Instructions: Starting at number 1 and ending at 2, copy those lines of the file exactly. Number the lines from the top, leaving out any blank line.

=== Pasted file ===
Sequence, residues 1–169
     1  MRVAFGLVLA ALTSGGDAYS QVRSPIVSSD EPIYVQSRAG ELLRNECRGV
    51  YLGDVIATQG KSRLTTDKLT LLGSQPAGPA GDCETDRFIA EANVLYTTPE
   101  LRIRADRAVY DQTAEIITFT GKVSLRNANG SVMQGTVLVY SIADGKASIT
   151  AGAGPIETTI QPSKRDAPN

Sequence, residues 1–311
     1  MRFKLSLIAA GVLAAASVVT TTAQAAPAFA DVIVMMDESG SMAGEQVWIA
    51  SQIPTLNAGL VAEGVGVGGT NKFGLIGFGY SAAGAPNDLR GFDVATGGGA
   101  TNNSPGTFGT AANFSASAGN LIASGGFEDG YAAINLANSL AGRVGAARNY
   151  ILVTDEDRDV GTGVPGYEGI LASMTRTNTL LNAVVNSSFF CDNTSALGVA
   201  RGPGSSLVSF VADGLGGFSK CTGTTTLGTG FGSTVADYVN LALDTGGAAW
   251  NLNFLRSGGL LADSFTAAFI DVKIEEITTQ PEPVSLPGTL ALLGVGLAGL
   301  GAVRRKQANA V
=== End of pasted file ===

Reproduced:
Sequence, residues 1–169
     1  MRVAFGLVLA ALTSGGDAYS QVRSPIVSSD EPIYVQSRAG ELLRNECRGV